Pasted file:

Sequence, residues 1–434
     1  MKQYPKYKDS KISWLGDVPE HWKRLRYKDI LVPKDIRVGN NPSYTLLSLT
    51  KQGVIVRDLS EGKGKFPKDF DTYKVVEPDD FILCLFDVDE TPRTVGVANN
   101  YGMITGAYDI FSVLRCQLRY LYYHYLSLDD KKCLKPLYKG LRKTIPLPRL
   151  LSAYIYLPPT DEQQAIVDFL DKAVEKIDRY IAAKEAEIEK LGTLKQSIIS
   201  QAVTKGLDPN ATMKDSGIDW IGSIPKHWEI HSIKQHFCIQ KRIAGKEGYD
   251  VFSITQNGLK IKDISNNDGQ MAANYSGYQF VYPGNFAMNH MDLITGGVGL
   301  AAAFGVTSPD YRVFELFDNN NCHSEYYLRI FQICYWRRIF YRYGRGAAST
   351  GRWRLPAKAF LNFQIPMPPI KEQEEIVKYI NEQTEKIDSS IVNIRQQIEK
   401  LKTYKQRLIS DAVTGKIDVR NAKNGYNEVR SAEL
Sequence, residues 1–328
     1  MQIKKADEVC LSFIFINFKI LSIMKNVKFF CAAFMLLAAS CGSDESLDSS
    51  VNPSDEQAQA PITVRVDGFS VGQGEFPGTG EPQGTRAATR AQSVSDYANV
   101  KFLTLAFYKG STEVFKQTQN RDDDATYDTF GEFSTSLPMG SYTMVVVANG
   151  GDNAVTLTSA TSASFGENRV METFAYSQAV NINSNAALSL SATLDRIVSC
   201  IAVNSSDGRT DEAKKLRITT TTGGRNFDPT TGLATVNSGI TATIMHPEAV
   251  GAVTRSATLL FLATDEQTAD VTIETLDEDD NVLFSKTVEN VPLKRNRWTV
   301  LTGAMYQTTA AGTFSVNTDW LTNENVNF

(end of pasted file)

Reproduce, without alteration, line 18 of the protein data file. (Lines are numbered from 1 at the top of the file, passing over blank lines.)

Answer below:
   301  LTGAMYQTTA AGTFSVNTDW LTNENVNF